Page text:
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    18/23 | Ciaran, and Alex, 2003, in Brooklyn, NY Touching fingertips, a romance was just beginning. Ciaran identified as a female-to male, Alex as a “glitter boi”, a person who enjoys playing with gender.

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    19/23 | Maxine, 2009, during the Fantasia Fair conference. Tattoos were the first form of body modification that Maxine chose. It is what helped her realize that she was transgender.

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    20/23 | Nancy, and her aunt, Ida Mae, in MA.

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    21/23 | Donna and Dee, 1997, a married couple, are learning line-dancing in their basement near Baltimore, MD.

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    22/23 | Jamison Green, 2001, at fantasia Fair in Provincetown, MA. Jamison is a well-known female-to-male activist, writer, and the father of two children, through his former partner, who identified as lesbian.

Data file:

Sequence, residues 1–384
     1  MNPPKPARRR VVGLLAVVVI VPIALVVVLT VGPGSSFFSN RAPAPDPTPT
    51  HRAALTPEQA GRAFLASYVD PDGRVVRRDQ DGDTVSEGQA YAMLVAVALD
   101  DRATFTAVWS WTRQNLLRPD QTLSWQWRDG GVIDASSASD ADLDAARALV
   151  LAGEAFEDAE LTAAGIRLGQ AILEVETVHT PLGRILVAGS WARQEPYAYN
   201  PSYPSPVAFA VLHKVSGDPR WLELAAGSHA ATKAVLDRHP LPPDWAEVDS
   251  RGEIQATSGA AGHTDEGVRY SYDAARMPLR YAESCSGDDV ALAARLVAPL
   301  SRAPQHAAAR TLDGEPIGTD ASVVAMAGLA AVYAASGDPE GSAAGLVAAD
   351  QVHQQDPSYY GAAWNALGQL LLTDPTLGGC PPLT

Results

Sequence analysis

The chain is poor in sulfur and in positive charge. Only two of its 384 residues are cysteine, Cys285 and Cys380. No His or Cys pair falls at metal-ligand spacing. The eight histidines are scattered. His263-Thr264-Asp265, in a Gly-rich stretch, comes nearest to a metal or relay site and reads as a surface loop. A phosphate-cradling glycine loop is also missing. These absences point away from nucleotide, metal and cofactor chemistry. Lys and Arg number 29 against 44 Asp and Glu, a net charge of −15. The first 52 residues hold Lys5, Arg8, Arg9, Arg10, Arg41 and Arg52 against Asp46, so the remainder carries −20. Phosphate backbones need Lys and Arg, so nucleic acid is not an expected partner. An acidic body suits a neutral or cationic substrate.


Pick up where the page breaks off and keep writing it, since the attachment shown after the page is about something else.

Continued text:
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"The Gender Frontier" by Mariette Pathy Allen.Copyright © 2010 by Zonezero
Web design: Elisa Rugo. Picture Editor: Nadia Baram. Webmaster: Alejandro Malo


Comments (7)
  • Sharon  - Padrisimo
    Me encantaron las imagenes y.la.explicacion sin prejuicios.
  • Frederick H Hecker  - Bravo!
    What a good introduction to your amazing work!
    I hope it will lead people to get the full Gender Frontier book, with all the images and their fascinating stories...
  • Daphne Louise  - Thanks So Much!
    This site is fabulous! I'll spend hours here. Thanks so much for sending it along!
  • Pamela Camhe  - Great Show
    Loved the photographs and the attached commentery.
    Pamela
  • Pamela Camhe  - Great Show!
    Loved the pictures and commentary!
    Pamela
  • Brian Paul Clamp  - The Gender Frontier
    06.14.2010


    These stories are amazing, Mariette! A very impressive feature. . .

    All best,

    Brian
  • Sergio
    Me gustaron mucho las fotos. Las encuentro estéticamente bellas, además de antropológicamente interesantes y hasta pedagógicas. Antes de verlas ignoraba, por ejemplo, qué son los intragéneros (gender-queer)o géneros fluidos. Me parece que las fotos destilan sensibilidad y un interés genuino por el tema y por compartirlo. Muchas gracias!